Without "proximity", news alone fails to move us
By Sami Sillanpää
On Boxing Day a year ago, the phone rang at my home in Beijing. It was a Norwegian journalist telling me that there had been an undersea earthquake west of Sumatra and that the ensuing tsunami waves had also struck the tourist beaches of Thailand's Andaman Sea coastline.
It sounded like the kind of news item that would require our attention on site. My Norwegian colleague lamented that he couldn't travel, because his visa was with the Chinese authorities, being renewed. As for me, I was lying in bed in Beijing running a high temperature.
For the next three days, I followed on TV as events unfolded and the Indian Ocean tsunami developed into one of the biggest news stories of the century.
Every journalist who got in late on the news-gathering over the tsunami has his or her explanation for why it happened that way.
The first Finnish journalist to file a report from the site of the disaster, and the first to send home the news that the tsunami was also a catastrophe for the many Finnish tourists on holiday in the region, was Kari Lumikero of the commercial TV channel MTV3.
Later, Lumikero deservedly won the Journalist of the Year Award given out by the Swedish publishing group Bonniers.
The tsunami was the biggest disaster to hit the Finns for decades. The various print and electronic media were naturally filled up with news from the region. In the media criticism after the event, the Finnish news sources were charged not just with being sluggish in getting off the mark, but also with wallowing in the suffering of the victims.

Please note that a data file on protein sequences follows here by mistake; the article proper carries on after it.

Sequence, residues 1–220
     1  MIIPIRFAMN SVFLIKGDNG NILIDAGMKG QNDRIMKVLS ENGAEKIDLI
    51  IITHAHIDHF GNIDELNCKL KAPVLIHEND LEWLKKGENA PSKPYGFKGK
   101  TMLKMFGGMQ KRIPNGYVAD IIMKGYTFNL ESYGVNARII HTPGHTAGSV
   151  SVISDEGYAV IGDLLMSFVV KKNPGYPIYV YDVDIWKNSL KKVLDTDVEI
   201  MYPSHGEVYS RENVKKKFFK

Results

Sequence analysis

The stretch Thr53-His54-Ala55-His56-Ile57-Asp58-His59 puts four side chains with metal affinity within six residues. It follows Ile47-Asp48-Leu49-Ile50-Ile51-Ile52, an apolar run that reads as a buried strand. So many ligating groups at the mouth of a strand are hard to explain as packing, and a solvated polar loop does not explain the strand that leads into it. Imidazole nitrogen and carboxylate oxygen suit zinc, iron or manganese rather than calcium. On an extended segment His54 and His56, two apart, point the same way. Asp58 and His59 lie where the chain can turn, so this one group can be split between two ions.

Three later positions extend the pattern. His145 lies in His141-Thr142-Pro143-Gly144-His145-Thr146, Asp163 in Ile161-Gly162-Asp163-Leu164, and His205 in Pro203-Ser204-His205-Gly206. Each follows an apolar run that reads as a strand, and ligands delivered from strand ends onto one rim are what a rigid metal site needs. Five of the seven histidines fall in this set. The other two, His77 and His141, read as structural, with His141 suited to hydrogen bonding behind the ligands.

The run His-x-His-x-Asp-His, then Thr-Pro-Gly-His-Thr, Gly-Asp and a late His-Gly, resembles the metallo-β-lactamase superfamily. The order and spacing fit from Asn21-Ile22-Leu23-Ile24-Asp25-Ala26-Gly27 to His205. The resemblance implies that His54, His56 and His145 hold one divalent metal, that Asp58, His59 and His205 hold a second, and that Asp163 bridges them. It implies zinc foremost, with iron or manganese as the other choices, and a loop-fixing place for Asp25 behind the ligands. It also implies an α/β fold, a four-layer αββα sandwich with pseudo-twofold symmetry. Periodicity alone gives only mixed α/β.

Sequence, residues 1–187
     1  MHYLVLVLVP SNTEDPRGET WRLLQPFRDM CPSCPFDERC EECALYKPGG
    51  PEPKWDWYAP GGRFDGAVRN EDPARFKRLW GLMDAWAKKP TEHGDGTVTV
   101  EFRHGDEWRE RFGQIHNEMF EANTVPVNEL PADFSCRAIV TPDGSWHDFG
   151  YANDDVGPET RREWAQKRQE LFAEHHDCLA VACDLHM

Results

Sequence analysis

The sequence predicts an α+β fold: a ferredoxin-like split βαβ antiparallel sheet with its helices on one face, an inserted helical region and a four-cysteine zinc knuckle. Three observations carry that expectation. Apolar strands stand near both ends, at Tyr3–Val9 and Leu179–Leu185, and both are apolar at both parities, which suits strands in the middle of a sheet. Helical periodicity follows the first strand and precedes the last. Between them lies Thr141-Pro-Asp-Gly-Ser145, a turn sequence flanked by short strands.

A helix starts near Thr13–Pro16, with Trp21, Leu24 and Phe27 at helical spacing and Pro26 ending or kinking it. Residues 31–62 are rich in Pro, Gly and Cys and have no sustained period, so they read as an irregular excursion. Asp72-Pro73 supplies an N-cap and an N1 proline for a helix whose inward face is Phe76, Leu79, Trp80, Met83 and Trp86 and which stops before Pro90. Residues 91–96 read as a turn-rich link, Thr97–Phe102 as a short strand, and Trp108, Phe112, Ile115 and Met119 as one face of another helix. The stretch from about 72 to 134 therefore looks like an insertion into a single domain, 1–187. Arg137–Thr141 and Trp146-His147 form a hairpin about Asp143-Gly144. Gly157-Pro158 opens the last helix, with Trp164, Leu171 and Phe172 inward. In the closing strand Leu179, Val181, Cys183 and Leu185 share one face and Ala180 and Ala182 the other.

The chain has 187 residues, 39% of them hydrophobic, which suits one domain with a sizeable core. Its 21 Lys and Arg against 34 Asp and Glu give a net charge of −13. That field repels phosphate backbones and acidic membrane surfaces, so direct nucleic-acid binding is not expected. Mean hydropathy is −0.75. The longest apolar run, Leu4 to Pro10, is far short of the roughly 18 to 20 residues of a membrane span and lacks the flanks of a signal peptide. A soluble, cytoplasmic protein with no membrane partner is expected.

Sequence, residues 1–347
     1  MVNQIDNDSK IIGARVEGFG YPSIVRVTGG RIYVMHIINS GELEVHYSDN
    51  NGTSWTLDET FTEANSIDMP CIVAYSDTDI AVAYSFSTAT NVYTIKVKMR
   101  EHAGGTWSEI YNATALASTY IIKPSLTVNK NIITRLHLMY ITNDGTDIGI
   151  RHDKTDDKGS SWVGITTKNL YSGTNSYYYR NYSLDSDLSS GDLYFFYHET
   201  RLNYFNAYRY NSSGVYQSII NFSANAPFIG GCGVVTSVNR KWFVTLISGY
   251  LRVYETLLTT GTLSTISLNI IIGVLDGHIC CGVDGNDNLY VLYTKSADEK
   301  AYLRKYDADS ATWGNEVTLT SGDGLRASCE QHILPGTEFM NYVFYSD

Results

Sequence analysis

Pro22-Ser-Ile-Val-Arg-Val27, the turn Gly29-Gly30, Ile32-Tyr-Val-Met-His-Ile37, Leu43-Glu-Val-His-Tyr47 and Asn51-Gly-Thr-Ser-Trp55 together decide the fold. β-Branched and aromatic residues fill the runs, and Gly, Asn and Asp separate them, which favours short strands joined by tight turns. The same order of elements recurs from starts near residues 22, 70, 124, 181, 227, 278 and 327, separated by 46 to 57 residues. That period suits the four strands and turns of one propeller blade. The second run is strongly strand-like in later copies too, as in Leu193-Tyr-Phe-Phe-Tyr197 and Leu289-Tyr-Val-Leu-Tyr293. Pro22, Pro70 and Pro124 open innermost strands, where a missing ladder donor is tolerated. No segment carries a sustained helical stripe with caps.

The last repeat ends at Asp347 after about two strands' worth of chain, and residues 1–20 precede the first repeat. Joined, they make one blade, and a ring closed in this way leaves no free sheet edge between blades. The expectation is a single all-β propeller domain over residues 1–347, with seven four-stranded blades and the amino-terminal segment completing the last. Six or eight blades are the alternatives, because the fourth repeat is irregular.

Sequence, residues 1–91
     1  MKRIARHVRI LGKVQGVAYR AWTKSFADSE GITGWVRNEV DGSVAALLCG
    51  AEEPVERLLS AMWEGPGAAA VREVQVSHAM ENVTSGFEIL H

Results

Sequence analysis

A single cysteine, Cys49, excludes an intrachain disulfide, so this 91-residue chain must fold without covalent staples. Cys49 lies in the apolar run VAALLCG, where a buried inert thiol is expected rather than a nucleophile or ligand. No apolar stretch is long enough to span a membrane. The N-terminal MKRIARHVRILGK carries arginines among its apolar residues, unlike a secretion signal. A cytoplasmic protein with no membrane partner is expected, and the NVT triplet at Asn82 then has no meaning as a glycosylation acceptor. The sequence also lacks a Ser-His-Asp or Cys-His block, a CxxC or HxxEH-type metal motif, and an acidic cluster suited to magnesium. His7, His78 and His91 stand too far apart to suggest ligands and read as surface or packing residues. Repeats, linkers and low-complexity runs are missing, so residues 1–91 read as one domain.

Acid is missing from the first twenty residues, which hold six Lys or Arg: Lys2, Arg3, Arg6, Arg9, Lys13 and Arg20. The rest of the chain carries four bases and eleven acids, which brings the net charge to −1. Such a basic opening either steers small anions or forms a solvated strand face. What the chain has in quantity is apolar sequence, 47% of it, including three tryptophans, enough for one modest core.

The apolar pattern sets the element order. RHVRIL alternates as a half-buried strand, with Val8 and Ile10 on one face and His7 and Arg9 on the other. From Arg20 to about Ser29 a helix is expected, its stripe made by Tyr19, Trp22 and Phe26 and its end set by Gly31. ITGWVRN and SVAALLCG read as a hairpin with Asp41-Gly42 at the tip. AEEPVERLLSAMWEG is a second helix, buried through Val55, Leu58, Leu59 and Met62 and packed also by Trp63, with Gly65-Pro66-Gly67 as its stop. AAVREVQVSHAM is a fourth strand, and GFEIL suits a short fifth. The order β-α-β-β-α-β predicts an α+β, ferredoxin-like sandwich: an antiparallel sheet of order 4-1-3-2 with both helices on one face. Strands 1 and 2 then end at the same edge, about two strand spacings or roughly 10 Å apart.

The critical barbs were not without foundation. And yet one rather larger issue about the entire discussion left me troubled. Were the Finns ultimately given altogether the wrong picture of the tsunami?
Thailand was not the epicentre of the catastrophe. Above all, the tsunami was not a crisis that overwhelmed Western tourists.
The waves destroyed whole areas of coastline in Indonesia, Sri Lanka, India, Thailand, Malaysia, Myanmar (the former Burma), in the Maldives, the Seychelles, and even as far away as Somalia on the western shores of the Indian Ocean. Nearly 230,000 people are now believed to have perished, and 95% of them were Asian.
In the worst affected area of all, Aceh Province at the northern tip of the Indonesian island of Sumatra, it looked to all intents and purposes as though someone had just detonated an atom bomb.
The waves washed away entire villages and large parts of sizeable cities in a swath stretching nearly 700 kilometres up and down the coast. At least 128,000 Aceh residents died, and most of the bodies were never found.
In Thailand, a few villages were inundated and the aggregate figure for the dead and missing was somewhat over 8,000.
This is not to belittle the suffering of anyone involved. The tsunami was hell let loose on earth for each and every one of its victims.
Every person who fought and struggled for his or her life - be they Finnish or Indian or from wheresoever - was in straits that nobody would wish upon a fellow human being. The pain of the loss of a loved one cannot be assuaged by knowing that others also suffered.